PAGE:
Image recognition is still one of those things that humans find easy to do but computers keep stumbling over. Some Google researchers published a paper describing progress they are making in teaching computers how to identify famous landmarks, which may eventually be applied more broadly to image search in general.
In a blog post, Jay Yagnik, the head of Computer Vision Research at Google, writes:
While we’ve gone a long way towards unlocking the information stored in text on the web, there’s still much work to be done unlocking the information stored in pixels.
In the experiment, the researchers fed “an unnamed, untagged picture of a landmark” found on the Internet and the system would spit back the name and location of the landmark, such as the Acropolis in Greece. Each untagged photo was be compared to 40 million GPS-tagged images on Picasa and Panoramio (both owned by Google), as well as related photos found through Google Image Search. Using clustering and new image indexing techniques, the Google researchers were able to identify untagged photos of the same landmarks from different angles and under various lighting conditions.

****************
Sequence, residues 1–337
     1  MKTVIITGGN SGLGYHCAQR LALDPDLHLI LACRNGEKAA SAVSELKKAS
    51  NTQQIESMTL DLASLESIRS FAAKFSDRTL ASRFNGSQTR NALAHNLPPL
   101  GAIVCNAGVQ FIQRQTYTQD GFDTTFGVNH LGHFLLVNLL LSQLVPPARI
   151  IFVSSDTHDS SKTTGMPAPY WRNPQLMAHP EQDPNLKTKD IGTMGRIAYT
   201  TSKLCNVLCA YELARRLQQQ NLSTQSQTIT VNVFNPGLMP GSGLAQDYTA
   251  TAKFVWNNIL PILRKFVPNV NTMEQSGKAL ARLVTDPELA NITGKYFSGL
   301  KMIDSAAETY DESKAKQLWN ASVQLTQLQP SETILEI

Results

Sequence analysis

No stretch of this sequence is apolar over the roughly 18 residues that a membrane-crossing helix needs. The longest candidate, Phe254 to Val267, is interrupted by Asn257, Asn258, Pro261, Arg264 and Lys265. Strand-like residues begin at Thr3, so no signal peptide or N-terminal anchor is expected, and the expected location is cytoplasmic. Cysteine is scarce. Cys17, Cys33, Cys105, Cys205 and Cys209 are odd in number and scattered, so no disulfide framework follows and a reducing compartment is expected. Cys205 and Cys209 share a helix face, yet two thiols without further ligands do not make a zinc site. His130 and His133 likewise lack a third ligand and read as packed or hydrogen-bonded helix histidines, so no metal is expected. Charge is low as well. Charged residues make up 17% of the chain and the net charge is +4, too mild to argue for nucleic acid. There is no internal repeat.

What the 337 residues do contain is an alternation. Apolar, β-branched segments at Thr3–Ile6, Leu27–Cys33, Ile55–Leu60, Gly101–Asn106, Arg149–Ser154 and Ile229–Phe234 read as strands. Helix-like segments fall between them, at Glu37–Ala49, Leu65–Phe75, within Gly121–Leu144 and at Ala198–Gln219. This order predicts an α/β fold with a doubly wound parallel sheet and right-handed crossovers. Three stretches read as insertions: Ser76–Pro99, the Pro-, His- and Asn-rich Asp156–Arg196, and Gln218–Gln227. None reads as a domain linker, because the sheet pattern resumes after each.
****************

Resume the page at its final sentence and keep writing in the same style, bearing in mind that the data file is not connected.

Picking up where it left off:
The researchers report that their system can identify 50,000 landmarks with 80 percent accuracy. I’m not sure that’s quite good enough to even roll that out in a beta product, but if Google can get it to 90 percent or 95 percent that would start to be consumer-friendly. Over the past few years, there’s been a lot of progress in image recognition, especially with facial recognition For instance, Face.com does a particularly good job with Facebook photos. But buildings and objects may be pose a different set of image-recognition challenges.